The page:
In the following table, words quoted in How Bona to Vada your EEK! (HB), Polari (P) and Polari wordlist (PW) are cited. Further collation might be done; another useful list is Polari Glossary. Yet another list and a discussion by Ian Hancock is in Trudgill, Peter, Language in the British Isles, (Cambridge, 1984) pp. 390-400. Hancock's list is especially useful in that it gives a phonetic rendering of the words. The other writers simply use the spelling conventions of British English, much as the author of the French wordlist uses the conventions of French orthography. The site Polari wordlist (PW) appears to be no longer reachable.
In the table of numerals below the Polari Glossary is cited as PG and Hancock's numerals as IH. Numerals are not listed in P. It may be noted that for the numerals 7, 8, 9 an alternative occurs by placing together 6-1, 6-2, 6-3. It is unclear why this system is used. Ms. Brummett has offered the following conjecture to me in a private communication, and her conjecture appears to me to have some merit:
… you state, "It may be noted that for the numerals 7, 8, 9 an alternative occurs by placing together 6-1, 6-2, 6-3. It is unclear why this system is used." Here is a possible explanation: the relatively small Polari vocabulary did not always go intact to all areas - i.e., San Francisco might have words not known in New York, and vice versa. The six-based system is probably British, when the sixpenny piece was a common coin, and of relatively high value. Lacking a very pressing need for numerals higher than six, some areas did not have them, and thus when needed, this system could have been used.
I cite only the first spelling the sources offer, and it will be seen that there is wide agreement.
Occitan (Oc) plays an important part in the form of Lingua Franca embedded in Polari. For further information, see my brief discussion of Occitan.
It should be noted that while there seems to be no doubt that words came into Polari from Lingua Franca, they are in a much more corrupted form than those found in Shay Lamora. In many cases it is not clear if Lingua Franca is actually the source, and so I must confess that my choice must be considered subjective. But etymology has never been an exact science.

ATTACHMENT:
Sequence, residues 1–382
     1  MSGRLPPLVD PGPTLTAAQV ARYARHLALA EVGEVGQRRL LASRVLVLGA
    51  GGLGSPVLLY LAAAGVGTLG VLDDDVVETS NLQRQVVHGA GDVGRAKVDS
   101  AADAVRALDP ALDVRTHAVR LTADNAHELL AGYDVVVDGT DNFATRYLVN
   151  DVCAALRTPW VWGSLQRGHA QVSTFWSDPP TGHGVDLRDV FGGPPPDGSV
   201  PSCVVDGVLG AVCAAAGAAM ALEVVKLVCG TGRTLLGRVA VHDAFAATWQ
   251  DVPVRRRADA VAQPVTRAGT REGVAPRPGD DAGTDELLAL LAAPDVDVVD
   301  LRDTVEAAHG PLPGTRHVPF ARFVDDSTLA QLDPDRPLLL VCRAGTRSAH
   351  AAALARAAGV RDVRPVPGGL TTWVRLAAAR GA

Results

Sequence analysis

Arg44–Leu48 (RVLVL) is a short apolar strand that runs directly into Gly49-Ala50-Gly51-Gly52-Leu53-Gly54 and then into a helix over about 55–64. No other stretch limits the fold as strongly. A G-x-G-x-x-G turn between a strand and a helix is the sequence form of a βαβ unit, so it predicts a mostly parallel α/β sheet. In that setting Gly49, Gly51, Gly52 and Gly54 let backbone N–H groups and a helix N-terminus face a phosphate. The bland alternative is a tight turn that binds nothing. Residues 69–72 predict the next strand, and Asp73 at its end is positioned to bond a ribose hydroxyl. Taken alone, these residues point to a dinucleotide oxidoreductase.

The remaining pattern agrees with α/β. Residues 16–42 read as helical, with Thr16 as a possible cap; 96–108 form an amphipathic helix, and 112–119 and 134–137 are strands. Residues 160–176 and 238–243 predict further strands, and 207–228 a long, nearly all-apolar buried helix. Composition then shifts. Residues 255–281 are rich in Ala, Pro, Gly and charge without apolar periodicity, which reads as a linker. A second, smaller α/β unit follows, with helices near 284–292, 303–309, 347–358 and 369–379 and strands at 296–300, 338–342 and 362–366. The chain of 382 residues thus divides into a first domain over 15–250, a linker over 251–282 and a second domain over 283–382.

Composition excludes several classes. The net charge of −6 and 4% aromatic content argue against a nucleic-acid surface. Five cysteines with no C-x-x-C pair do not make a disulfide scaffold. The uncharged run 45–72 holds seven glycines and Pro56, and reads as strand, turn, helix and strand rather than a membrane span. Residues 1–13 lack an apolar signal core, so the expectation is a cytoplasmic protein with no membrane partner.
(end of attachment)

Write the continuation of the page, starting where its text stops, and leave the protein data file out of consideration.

|ajax||Perh. Fr. adjac[en]t||near|
|bagadga||Oc. bagatge||baggage, male genitals|
|benar||Prob. bene + English -er||better|
|bevvy||bevvy||It. bere, Sp. beber||drink|
|bevvy omee||+ Oc. òme, "man"||drunkard|
|carsey||It., Sp. casa||house|
|charper||charper||Oc. cercar||look for|
|fake||Oc. far, fach||do, make|
|feely ome||filiome||Oc. filh + òme||youth|
|fogle||Oc. fuèlha, leaf||handkerchief|
|gam||It. gamba Oc. camba||leg|
|jogger||Oc. jogar||play, entertain|
|joggering omee||Oc. jogar + òme||street musician|
|pogy||It. poco||(a) little|
|salter||It. soldo "halfpenny"||penny|
[Ms. Martha Brummett of Denver, Colorado, has collected certain words in the United States which appear to have a connection with Polari. The table following these remarks represents her own collection along with her glosses. She collected these in Memphis, Tennessee, which is on the Mississippi river. Not all the words are to be regarded as Polari, but I have preferred to cite this vocabulary as she conveyed it to me, as it is of interest in any case. Here are her comments as to how she came to collect these items. They would appear to belong to the words conveyed by circus folk.--A.D.C.]
My older friends (I hung around with them because they were wittier and more intelligent than most of the women) had traveled extensively, at least when young, to New York, San Francisco, at least. They went to New Orleans frequently. Some of them had been in the Navy, Merchant Marine, or Coast Guard. The older ones had served in WWI or WWII, and had been to the UK or Europe.
The vocabulary I remember was not as extensive as I've seen reported, and was mostly sexual. I can recall (using the wordlist) hearing: Aunt Nell, barkey, bene, bevvy, bod, bold, bona, camp, chicken, cottage, deek (never vada), drag, facha (never heard "eek" or "ecaf", by the way), gam, grope, multy, nada, nix (never nanti), palaver, pogy, ponce, punk, rent, trade. The usual term for a potential trick, or just a guy, etc., was "number", usually pronounced "numba". I've never seen that listed.
You can see that the Lingua Franca-derived terms, particularly the ones not very sexual, give the impression of being Italian...
"Facha" was always used, as I pointed out. I recall other instances of what I assumed was Italian picked up from the Sicilian immigrants to the area, both to the Memphis metropolitan area and the rural counties of northern Mississippi. I think there might be a great deal of difficulty in actually distinguishing these possible origins…
[I] worked lights for Lillie Cass' drag show, this higher education gained from that and listening to guys talk at bars, after Poetry Society meetings, backstage at bars & community theatres, my grandmother's male antique-dealer colleagues, carnies [=circus-workers] privately and at second-hand bookstores and coffeehouses...
|Aunt Nell||exclamation at something shocking|
|bevvy||drink (usually, not always, alcoholic)|
|bod||body, as applied to another guy|
|cottage||public men's bathroom|
|deek||see, look at|
|drag||clothes usually worn by opposite sex of wearer; clothes in general|
|nada||no, none etc.|
|nix||no, none etc.|
|numba||(See remarks above)|
|palaver||talk, especially bullshit|
She finds herself unable to gloss "camp" succinctly, but most readers probably get the idea.